abundant - US has 1/4 of the worlds coal reserves, enough for 200-300 years of the US energy needs

SO2 primarily from electrical utilities (65%)

Coal is used primarily as a fuel in electric power plants. In fact, more than half of the electricity generated in the United States comes from plants that burn coal.  Coal contains sulfur impurities which are converted to SO2 when burned.  Coal from eastern states 3-10%(w/w) sulfur.  Western states less than 1%(w/w) sulfur.

S(s) + O2(g) --> SO2(g)


At high temperatures (such as when burning coal in an power generation plant or gas in your engine), N2 combines with Oat an appreciable rate to yield NOxs

N2 + O2 --> NO + NO2 (not balanced)

4. Some info:

a. average annual pH in much of northeastern US and northeastern Europe = 4.0-4.5

b. fog in West Virginia, pH = 1.5, LA pH = 3

c. more than 1000 bodies of water in eastern US are acidified

Ontario - 100 lakes devoid of fish

48,000 threatened in Ohio river valley and Great Lakes region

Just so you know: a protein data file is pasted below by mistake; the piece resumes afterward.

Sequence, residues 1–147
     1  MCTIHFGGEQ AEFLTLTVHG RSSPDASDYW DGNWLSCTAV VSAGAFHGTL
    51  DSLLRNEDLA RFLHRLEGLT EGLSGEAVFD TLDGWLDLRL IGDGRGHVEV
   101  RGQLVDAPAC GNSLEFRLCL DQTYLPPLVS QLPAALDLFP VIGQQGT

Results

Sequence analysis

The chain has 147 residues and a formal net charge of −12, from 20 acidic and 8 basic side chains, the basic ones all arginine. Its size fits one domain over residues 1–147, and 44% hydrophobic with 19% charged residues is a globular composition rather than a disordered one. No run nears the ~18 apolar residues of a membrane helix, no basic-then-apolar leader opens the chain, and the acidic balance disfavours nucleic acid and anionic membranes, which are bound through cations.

5. Effects of acid waters

a. damage tree leaves

b. damage tree bark -

black forest in Germany - by 1990 nearly half of the trees in the Black Forest were damaged by acid rain

c. Acid soils harm roots

d. Can leach out necessary minerals

e. Can add unwanted minerals and heavy metals

Ex. Al(OH)3(s) + 3 H+(aq) --> Al3+(aq) + 3 H2O(l)  , Al3+ harmful to roots and inhibits absorption of other nutrients

f. Dissolves limestone statues and buildings

CaCO3(s) + 2 H3O+ --> Ca2+ + 3H2O + CO2(g)

6. Tough choices and fixes

a) acid water can be treated with limestone (base) - $$$ and short term

Ironically, acid lakes are beautifully clear

b) stop burning coal, stop using internal combustion engines (as now found in cars, lawn mowers, etc...)

c) Some measures to stop/minimize damage

i. plastic protecting material on statures - short lived

ii.  remove pollutants from coal burning and cars

Clean Coal Technology Program - mid-1980s, the U.S. Government has invested more than $2 billion in cleaning up coal burning process - state-of-the-art processes can filter out 99% of particles and more than 95% of acid rain components  (private companies and state governments have added another $4 billion)

"flue gas desulfurization units," or  "scrubbers